A decades-old bark painting of an ancient saltwater crocodile in Arnhem Land will make an historic journey to China next month.
This intricately painted — and very carefully preserved — mystic creature is known as a "totemic crocodile" and was created by one of the old masters, Yirawala.
Getting this piece, along with 150 precious bark paintings, carvings and tools from Canberra to China for the forthcoming Old Masters tour is fraught with risks.
Because bark is susceptible to bending and cracking when the temperature changes, sending the paintings overseas presents a delicate logistical challenge.
Japanese seaweed extract preserves paintings
Five months of careful restoration work on the bark paintings has taken place at the National Museum of Australia, where they are held as part of the collection.
Each work has been packed in a specially made box to prevent movement in transit.
To stabilise each bark, the museum's conservation team has used a glue called funori — a Japanese seaweed extract traditionally used in kimono preservation.
"They're quite fragile objects and they do move and split and crack … so a lot of our work is spent around stabilising those issues and making sure the work is ready to display," Nicki Smith, the museum's deputy manager of conservation, said.
'Cultural diplomacy milestone'
Yirawala, a Kuninjku leader who worked to promote and protect his heritage in western Arnhem Land in the Northern Territory, painted the totemic crocodile in 1965.
His "authority as a cultural lore man is really in every aspect of this work," said the National Museum of Australia's Jilda Andrews.
Yirawala's work is among 2,000 bark paintings kept at the NMA. Some of these artworks are more than 80 years old, and most have never left the country.
The Australian embassy in Beijing described the tour as an "important cultural diplomacy milestone".
'They're living power'
Dr Mathew Trinca, the director of the NMA, said it was "deeply affirming" to see growing interest in Indigenous art and stories abroad.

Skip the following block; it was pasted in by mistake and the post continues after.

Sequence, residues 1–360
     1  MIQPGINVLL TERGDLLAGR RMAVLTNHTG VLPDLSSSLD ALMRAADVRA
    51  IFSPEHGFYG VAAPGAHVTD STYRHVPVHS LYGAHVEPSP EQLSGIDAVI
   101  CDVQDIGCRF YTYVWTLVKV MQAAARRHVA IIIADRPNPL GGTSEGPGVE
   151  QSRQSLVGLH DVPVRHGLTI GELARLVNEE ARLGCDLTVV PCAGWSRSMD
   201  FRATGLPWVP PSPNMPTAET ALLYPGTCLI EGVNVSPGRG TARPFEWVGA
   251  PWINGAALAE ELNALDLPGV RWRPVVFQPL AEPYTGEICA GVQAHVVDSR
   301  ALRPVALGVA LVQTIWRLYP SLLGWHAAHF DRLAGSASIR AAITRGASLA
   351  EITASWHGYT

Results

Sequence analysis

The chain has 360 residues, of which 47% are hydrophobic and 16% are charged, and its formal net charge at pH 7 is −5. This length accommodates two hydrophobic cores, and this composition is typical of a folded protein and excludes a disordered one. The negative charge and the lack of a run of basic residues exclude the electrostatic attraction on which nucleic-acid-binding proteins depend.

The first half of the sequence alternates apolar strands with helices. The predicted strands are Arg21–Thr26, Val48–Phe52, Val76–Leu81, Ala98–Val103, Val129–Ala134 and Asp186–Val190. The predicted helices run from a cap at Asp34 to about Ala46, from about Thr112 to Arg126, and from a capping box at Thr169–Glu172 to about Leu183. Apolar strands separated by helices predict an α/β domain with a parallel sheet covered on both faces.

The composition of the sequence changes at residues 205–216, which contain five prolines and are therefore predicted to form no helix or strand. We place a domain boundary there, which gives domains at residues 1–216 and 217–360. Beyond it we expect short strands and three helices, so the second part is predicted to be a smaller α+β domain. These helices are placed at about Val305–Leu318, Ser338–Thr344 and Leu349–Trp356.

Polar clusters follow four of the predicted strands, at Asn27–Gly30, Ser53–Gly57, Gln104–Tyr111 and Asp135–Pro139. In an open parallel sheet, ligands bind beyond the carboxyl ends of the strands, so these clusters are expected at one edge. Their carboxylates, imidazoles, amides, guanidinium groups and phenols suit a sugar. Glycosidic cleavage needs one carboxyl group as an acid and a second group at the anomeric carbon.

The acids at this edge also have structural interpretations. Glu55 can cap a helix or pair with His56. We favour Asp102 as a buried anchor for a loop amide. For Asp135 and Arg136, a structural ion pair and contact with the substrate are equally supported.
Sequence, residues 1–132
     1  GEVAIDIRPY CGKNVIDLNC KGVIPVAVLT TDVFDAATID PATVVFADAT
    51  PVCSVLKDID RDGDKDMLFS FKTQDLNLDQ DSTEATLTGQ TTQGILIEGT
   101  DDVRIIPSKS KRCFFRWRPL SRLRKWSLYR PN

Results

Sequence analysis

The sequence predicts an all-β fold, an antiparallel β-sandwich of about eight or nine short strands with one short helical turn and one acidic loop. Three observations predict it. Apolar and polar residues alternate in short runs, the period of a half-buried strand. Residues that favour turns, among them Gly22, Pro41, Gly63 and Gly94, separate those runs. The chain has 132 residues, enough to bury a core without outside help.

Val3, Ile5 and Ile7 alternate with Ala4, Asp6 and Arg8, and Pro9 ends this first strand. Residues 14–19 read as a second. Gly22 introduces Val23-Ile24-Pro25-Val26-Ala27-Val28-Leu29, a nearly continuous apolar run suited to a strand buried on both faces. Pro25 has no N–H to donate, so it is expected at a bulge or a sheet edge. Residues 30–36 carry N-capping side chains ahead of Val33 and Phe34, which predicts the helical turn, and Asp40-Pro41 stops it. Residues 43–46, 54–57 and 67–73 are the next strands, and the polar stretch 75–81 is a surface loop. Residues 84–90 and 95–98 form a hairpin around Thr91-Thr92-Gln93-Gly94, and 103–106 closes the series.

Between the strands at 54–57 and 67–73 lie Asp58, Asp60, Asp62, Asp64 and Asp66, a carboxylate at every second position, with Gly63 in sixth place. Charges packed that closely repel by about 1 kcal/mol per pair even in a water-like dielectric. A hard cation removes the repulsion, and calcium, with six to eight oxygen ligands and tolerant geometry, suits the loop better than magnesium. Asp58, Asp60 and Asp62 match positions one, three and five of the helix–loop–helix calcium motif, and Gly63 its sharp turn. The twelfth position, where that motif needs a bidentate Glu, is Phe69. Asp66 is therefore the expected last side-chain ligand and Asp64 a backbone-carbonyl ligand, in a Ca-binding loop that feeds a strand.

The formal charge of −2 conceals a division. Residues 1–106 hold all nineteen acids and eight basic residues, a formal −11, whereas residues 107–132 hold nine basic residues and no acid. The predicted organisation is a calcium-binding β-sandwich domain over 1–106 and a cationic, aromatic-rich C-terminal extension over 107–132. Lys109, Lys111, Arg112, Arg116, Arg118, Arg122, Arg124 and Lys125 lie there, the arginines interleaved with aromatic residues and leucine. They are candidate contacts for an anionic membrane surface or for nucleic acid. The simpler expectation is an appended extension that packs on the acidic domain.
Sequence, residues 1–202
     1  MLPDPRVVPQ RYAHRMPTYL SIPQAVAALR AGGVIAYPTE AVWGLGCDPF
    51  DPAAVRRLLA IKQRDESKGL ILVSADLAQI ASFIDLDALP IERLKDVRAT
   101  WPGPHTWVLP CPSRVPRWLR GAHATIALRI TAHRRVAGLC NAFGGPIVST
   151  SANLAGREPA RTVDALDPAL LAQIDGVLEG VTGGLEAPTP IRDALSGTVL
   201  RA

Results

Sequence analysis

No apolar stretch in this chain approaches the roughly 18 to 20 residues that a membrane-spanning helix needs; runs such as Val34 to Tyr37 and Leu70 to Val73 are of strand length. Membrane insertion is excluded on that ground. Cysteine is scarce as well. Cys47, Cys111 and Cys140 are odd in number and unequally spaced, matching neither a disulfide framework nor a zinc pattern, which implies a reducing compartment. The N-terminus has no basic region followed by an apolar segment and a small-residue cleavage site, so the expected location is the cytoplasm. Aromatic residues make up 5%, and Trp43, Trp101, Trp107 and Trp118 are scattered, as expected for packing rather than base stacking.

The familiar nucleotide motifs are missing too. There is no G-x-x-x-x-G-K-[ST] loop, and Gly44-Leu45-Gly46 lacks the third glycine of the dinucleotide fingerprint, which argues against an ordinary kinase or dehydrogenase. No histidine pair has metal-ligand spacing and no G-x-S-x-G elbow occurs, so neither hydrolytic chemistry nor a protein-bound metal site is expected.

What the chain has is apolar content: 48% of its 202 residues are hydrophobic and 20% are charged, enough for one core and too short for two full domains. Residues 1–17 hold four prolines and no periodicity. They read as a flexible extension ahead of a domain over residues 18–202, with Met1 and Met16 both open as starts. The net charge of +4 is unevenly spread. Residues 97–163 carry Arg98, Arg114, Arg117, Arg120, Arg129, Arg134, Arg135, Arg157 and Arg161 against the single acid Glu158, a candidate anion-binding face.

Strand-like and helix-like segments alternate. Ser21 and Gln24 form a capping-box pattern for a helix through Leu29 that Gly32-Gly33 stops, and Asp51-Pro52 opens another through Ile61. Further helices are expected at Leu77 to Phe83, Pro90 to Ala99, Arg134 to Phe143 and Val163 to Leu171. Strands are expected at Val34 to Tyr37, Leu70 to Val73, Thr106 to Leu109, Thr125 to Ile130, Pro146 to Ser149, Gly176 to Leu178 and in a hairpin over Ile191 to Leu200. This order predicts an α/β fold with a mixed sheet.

"I think these are some of the greatest treasures of our nation," he said
"They are the works that speak of the long human history of this continent from a very special part of Australia."
In preparing for the upcoming tour of China, Dr Michael Pickering, head of the museum's research centre, said Arnhem Land art centres and artists' relatives had been consulted again to add more information about the stories the barks display.
When the works were first collected from Arnhem Land decades ago, researchers documented the stories told on the barks from the artists, who have since died.
"They were really excited to be able to see these works. It was quite exciting, it's a reminder to museums that they have a responsibility to communities to keep them informed and engaged," Dr Pickering said.
"The whole idea is that these paintings — be they 40, 50, 60 years old — they're not dead images. They're living images, they're living power."
Chinese audience will be drawn in
The Old Masters tour, spanning 20 months, will open in July at Beijing's prestigious National Museum of China, before shows in by Shanghai, Chengdu and Shenzhen.
Dr Trinca said he was "bowled over by the kind of anticipation there is in China for seeing these works."
"We're very focused on the idea that we need to communicate Australian stories abroad, I think it's an important part of the mission of the National Museum of Australia to be taking stories like these overseas."
The National Museum's newly appointed Chinese cultural ambassador Guo Degang will have a role in promoting Indigenous art in his home country.
"It offers such different perspectives, this is great and I think if we send [Aboriginal art] to China for Chinese audiences to see, it will be something very new," said Mr Degang.
Ms Andrews said the recurring colours, designs, animals and plants on display on the barks would delight Chinese audiences.
"Works like this can draw people's imagination in, and that can go anywhere. I think that outsider audiences will really respond to not only what they can see, but also what they can imagine."